By John Lohn
ASTON, Pennsylvania, August 18. THE first night of the Pan Pacific Championships went into the books Thursday night, but not before a flurry of fireworks went off at the Saanich Commonwealth Place. Of course, the evening was highlighted by back-to-back world-record swims from Jessicah Schipper (2:05.40) and Michael Phelps (1:53.80) in the 200 butterfly events.
And, the night was capped by an exquisite duel between the United States’ Kate Ziegler and Hayley Peirsol in the 1,500 freestyle. Battling side-by-side throughout the 30-lap endurance test, Ziegler and Peirsol became the second and third-fastest performers in history, trailing only world-record holder Janet Evans, who owns the world record at 15:53.20 and history’s second-fastest mark of 15:54.23.
Trailing Peirsol, albeit slightly, at the 1,300-meter mark, Ziegler turned on the burners down the stretch and prevailed in 15:55.01, slightly ahead of the 15:57.36 of Peirsol, who edged Ziegler in the 800 free at the United States Nationals earlier this month. Ziegler and Peirsol moved to third and fourth on the all-time chart for the metric mile. Evans, Ziegler and Peirsol are the only individuals to crack the 16-minute mark.
“If I had to choose the race of the night, the 200 fly records were great, but those girls went head-to-head the whole way,” said Pierre Lafontaine, the CEO and National Team Coach for Swimming Canada, during an exclusive interview with SwimmingWorldMagazine.com. I would have to say that race is the highlight of world swimming this year.”
Lafontaine, himself, had plenty with which to be pleased. Since returning to his native land in April of 2005, after being lured away from his head job at the Australian Institute of Sport, Lafontaine has worked tirelessly to take Canada to another level. Thursday night, he saw some more progress as Andrew Hurd took top honors in the 800 freestyle with a national-record time of 7:55.88.
Not to go overlooked, 17-year-old Ryan Cochrane went 7:58.32 for the bronze medal and was also under the former national record, the 7:58.63 set in 2003 by Kurtis MacGillivary. Cochrane held the lead at the 500-meter point after attacking the first half of the race, a strategy that impressed the man rebuilding the Canadian program.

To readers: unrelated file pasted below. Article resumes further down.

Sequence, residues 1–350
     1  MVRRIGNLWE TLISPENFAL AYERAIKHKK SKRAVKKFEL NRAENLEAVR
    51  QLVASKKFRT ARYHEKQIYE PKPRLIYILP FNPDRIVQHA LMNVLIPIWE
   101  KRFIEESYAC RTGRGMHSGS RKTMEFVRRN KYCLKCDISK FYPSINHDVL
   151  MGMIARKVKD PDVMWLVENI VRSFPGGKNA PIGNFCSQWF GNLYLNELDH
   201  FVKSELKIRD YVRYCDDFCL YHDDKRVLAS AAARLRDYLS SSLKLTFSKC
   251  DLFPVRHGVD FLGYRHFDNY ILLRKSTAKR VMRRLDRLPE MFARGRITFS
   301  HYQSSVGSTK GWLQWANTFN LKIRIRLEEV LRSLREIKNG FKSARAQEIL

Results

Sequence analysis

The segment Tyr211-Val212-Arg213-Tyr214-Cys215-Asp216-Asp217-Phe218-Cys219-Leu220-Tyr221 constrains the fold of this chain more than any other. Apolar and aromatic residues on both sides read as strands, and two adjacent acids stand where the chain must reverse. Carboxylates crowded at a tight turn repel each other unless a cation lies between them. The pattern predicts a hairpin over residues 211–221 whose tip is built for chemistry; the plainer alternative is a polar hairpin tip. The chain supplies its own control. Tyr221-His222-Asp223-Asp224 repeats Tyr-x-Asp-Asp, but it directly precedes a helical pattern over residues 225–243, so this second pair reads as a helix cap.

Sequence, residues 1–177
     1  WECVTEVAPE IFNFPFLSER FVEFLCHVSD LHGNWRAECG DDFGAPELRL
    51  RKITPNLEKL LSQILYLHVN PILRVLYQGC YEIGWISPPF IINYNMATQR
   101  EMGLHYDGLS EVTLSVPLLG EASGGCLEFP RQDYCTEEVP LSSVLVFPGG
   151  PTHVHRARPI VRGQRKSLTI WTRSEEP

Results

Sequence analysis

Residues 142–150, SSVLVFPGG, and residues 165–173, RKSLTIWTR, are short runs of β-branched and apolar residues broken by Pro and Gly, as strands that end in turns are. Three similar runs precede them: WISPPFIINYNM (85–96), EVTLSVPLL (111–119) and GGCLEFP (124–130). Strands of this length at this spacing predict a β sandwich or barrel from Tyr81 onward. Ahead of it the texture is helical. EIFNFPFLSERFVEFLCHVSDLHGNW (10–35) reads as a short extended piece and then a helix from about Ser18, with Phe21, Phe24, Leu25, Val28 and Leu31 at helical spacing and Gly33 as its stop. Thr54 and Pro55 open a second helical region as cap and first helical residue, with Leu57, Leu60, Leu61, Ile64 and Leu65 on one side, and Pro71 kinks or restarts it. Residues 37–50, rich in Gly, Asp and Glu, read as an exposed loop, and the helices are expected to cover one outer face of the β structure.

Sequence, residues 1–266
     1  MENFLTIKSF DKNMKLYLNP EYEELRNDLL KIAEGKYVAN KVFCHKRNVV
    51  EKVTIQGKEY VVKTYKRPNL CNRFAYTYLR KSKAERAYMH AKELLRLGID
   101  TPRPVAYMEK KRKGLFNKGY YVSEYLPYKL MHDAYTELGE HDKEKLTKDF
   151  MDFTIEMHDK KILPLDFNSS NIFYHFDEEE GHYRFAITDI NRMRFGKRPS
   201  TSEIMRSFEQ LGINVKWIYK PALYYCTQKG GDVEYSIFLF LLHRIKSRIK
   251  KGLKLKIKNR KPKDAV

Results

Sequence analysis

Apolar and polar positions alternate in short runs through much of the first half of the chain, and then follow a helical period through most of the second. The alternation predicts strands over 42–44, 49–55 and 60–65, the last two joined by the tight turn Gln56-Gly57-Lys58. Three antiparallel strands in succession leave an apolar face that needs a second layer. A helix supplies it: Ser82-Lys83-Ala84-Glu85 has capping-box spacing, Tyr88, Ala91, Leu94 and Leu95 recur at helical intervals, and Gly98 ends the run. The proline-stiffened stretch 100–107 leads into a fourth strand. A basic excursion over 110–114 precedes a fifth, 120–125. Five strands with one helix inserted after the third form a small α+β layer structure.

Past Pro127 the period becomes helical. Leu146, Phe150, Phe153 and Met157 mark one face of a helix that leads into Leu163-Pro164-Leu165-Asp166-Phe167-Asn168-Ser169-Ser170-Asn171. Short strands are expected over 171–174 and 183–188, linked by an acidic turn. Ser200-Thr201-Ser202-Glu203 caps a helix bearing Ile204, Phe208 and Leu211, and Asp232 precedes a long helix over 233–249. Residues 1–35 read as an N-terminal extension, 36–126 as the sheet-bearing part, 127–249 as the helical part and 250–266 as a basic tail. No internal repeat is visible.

Upon returning to Canada, Lafontaine indicated a need for the nation to work together in its pursuit of excellence in the sport. Consequently, he made sure coaches across the nation were on the same page. It’s clear that the plan is working.
“That was a nice start for us,” Lafontaine said of the 800 freestyle, which was the first event of the competition. “I hope it got the team going and we’ll be able to show our quality. Everyone is working together. We’re not a big enough country to have a dog-eat-dog mentality. We need synergy and need to use the strength of each other."
Coupled with last year’s World Championships in Montreal, the Pan Pacific Champs have demonstrated Canada’s willingness to embrace the sport and Lafontaine’s positive attitude. The stands for the event were jammed with spectators, who let loose with boisterous support not just for the homeland stars, but for the superb performances they were witnessing.
Some of those standout performances were delivered by the Japanese contingent, which obviously arrived in British Columbia intent on opening eyes. In addition to Hanae Ito’s upset victory of Natalie Coughlin in the 100 backstroke, thanks to a time of 1:00.63, Yuko Nakanishi was stellar in the women’s 200 fly. Nakanishi finished behind Schipper in 2:06.52. For the men, Ryuichi Shibata was second to Phelps in the 200 fly with a mark of 1:55.82. To Shibata’s credit, he went hard in the race, leading Phelps at the 100 and 150-meter marks before fading.
“The Japanese showed great strength and character,” Lafontaine said. “They were ready to go. They’ve put in 15 years of preparation and hard work, and now they’re seeing the fruits of that pursuit.
“It was a great night. The fans were sitting on top of each other and they went nuts for the records. The meet had a real friendly atmosphere. It was exciting.”